Camryn Manheim, John Nolan (CBS)

A season-long cold war between good and evil is supposed to end with Team Machine vanquishing Samaritan, right? The small victories in this episode should be celebrated since the big picture looks bleak. Control was fed a lie about the nature of the impending attack; Samaritan’s supposed plan to eliminate anti-surveillance Supreme Court justices is a ruse meant to test Control’s loyalties. The Correction is actually a systemic, but very vague, plan to take out the “right people,” including Elias, Dominic, and Control herself. Despite these characters’ sins, they deserved justice for their crimes and Team Machine is unable to prevent Samaritan from taking the law into its own hands. The Machine herself has been compressed into her most essential bits and bytes; at one point, she was everywhere, apparently living in the country’s power grid the whole time, but now she’s been forced to downsize to a suitcase. The Machine is on her last legs, compressed and residing in a suitcase. If the beginning of the season seemed hopeless, the finale has proven to be even bleaker: Team Machine is on the run once again, but this time, they have to dodge a few Samaritan-mandated bullets first.

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This finale doesn’t work as a perfect culmination of the season, as Samaritan’s lineup of strategies to control the human population never amounted to anything; all along, Samaritan was studying society in order to identify individuals who need to be eliminated via an operation called the Correction. The actual variables involved remain a mystery, unfortunately. Regardless of Samaritan’s victory, hope remains. In this universe, valuing human life is rewarded. Finch showed Caleb kindness in “2πR,” and is given a compression algorithm in return. Grice demonstrated loyalty towards Shaw, which is why Control chooses him as a partner in her efforts to prevent the Correction. The Machine has proven that she is willing to sacrifice herself for the good of humanity and, as a result, Root isn’t the only one to risk her life in order to save an entity of artificial intelligence; Reese and Finch are right there by her side.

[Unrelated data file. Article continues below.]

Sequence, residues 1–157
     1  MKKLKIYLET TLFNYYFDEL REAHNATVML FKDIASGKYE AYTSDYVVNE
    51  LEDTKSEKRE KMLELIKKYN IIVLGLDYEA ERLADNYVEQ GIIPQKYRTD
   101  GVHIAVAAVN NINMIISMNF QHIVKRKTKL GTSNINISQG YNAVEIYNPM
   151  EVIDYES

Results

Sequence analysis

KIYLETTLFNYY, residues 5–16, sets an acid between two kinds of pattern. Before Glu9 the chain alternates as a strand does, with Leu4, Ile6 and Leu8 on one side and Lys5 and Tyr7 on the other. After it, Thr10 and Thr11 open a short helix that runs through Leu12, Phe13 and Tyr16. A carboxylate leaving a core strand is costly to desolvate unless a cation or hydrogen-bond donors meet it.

By the same token, dismissal of human life is punished. Since they were great characters, it’s difficult to see Elias and Dominic eliminated in a relatively anti-climactic fashion—not in the hands of one another or a member of Team Machine. But maybe that was the point. These two mortal kingpins have been competing with one another for control over the city all season, so taken with one another that they’re oblivious to the god capable of striking them out at any time. Their infatuation with power probably made them targets, and they are taken out in the same way that they have taken out others in the past. Dominic was intelligent and ambitious enough to see the bigger picture, as he recognized that Elias boasted a valuable relationship with Team Machine, but he was too blind and arrogant to recognize his true vulnerability. Elias valued relationships to an extent, but only so far as they could serve him, and he never switched sides despite being even more familiar with Team Machine. In the end, it’s too late for both of them, and Samaritan fires at the targets on their backs.